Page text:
Advocates are also watching how two House budget amendments passed last week — both by Rep. Sergio Muñoz Jr., D-Palmview — will fare in upcoming budget talks. One amendment would reverse the Medicaid cuts, while the other would give the health commission its $19 million request.

Stephanie Rubin, CEO of Texans Care for Children, said in a news release that the Easter Seals announcement was "a wake-up call for state legislators."

“If they shortchange these services in the new state budget, children all across the state may miss out on therapies that help them learn to walk, communicate with their families, get ready for school, and meet other goals,” Rubin said.

In the 2010 through 2015 budget years, Texas reduced spending on the Early Childhood Intervention program by 11 percent, according to a Texans Care for Children report from November. The U.S. Department of Education told Texas officials in December that they could lose a dozen providers due to financial strains.  

Tod Marvin, president and CEO of Easter Seals Central Texas, said legislators didn't consider how rural area providers have more travel costs associated with their programs to see children at homes scattered across the region. He also said Senate Finance Committee chairwoman Jane Nelson, R-Flower Mound, and other lawmakers were more concerned about making budget cuts than how kids with disabilities would be affected. 

"Jane Nelson, in hearing after hearing, has personally guaranteed no families will be denied services," Marvin said. "Should we tell families that are not receiving services they need to call Jane Nelson and ask her how she plans to follow through on her personal guarantee?" 

Nelson said in an email Wednesday that legislators "are going to make sure statewide access is preserved" for children needing therapy services. She pointed out that the Senate budget proposal increases the Early Childhood Intervention program funding by $5 million.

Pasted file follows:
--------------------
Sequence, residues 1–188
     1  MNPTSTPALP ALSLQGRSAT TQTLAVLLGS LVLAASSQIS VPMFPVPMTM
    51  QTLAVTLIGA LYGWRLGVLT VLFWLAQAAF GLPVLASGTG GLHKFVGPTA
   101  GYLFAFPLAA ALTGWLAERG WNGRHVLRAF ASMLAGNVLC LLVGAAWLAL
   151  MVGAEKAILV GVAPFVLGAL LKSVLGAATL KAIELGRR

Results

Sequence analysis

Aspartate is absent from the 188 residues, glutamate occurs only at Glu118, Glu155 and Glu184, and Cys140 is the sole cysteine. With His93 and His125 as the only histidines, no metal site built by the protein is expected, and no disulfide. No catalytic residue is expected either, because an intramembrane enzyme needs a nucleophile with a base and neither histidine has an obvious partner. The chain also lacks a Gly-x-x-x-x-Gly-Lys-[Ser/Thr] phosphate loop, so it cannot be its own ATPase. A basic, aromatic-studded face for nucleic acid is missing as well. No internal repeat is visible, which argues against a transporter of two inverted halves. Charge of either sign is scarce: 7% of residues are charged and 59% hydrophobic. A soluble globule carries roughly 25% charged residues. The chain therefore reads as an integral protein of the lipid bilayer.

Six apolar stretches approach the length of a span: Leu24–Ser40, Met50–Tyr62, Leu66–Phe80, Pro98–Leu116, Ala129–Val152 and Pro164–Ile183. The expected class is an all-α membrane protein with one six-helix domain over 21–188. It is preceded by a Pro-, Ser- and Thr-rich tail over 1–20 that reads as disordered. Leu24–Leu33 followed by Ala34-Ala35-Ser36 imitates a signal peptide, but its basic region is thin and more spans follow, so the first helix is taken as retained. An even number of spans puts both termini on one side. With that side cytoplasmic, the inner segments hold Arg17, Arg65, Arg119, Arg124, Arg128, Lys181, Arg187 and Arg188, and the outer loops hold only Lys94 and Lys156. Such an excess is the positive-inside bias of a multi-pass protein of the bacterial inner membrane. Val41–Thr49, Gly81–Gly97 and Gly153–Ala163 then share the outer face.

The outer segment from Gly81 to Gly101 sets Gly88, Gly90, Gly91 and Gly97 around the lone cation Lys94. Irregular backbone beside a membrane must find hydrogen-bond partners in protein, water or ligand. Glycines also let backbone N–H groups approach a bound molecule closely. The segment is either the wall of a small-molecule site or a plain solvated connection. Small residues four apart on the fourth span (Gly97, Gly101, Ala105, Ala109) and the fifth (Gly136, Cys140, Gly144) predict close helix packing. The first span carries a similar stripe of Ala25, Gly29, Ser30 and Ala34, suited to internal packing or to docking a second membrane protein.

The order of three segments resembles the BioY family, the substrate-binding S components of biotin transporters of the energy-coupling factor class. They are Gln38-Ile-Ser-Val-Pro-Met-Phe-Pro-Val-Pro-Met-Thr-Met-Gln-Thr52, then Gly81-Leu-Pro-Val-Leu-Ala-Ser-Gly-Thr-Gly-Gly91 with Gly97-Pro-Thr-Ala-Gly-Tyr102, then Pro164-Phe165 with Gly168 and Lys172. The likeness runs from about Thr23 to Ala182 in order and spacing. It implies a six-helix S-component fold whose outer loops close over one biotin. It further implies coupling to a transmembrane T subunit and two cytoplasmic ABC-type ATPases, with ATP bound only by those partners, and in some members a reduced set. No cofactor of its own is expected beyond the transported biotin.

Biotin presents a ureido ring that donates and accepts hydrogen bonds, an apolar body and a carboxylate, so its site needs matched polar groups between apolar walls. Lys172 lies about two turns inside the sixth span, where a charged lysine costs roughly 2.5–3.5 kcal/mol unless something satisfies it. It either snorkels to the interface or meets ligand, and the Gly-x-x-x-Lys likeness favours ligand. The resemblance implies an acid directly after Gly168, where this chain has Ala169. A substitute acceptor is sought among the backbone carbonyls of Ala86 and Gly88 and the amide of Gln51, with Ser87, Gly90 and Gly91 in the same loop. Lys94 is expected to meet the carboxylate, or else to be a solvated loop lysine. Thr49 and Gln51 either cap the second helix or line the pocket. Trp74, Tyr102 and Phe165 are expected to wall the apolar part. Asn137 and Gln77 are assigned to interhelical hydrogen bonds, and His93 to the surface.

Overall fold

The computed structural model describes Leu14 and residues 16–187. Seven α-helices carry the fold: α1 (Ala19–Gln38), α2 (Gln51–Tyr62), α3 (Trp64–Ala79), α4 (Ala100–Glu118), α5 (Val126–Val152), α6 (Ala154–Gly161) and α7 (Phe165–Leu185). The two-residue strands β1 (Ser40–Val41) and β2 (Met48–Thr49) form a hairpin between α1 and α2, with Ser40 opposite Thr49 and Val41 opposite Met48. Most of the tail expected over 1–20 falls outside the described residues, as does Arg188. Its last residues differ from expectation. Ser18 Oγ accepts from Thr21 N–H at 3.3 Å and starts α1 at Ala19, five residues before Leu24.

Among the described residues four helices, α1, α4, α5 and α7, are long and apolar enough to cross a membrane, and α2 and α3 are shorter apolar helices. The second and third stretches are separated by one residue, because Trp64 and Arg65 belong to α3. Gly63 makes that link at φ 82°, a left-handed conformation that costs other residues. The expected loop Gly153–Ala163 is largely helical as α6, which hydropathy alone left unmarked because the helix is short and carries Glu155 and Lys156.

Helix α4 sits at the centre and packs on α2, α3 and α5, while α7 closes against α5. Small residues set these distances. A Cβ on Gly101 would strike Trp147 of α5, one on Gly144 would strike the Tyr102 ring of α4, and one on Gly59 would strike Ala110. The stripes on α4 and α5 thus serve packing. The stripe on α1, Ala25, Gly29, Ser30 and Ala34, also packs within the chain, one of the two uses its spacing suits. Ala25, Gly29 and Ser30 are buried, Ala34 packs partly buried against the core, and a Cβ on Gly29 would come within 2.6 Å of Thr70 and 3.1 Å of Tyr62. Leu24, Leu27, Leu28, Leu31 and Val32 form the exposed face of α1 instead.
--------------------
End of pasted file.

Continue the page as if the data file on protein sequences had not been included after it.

In 2015, lawmakers "brought Texas Medicaid therapy rates to levels on par with other states and private insurance, and it expressly directed the agency to proceed in a manner that preserves access throughout the state," Nelson said.

Read more of the Tribune's coverage:

  • Tearful and frightened Texas parents pleaded with Senate Finance Committee members on Tuesday to stop any further cuts for state-funded speech, physical and occupational therapy for children.
  • As Texas seeks to implement a $350 million cut to the Medicaid budget for children’s therapy services, Texas health officials are scrambling to maintain a robust network of providers.
  • In a wide-ranging interview with The Texas Tribune's Evan Smith, House Speaker Joe Straus shed light on his priorities for state lawmakers.
  • Cuts in the state's payments to therapy providers who see children with disabilities remain tied up in court, but Texas officials said last week that they have made about $58 million in cuts from other parts of the health care budget.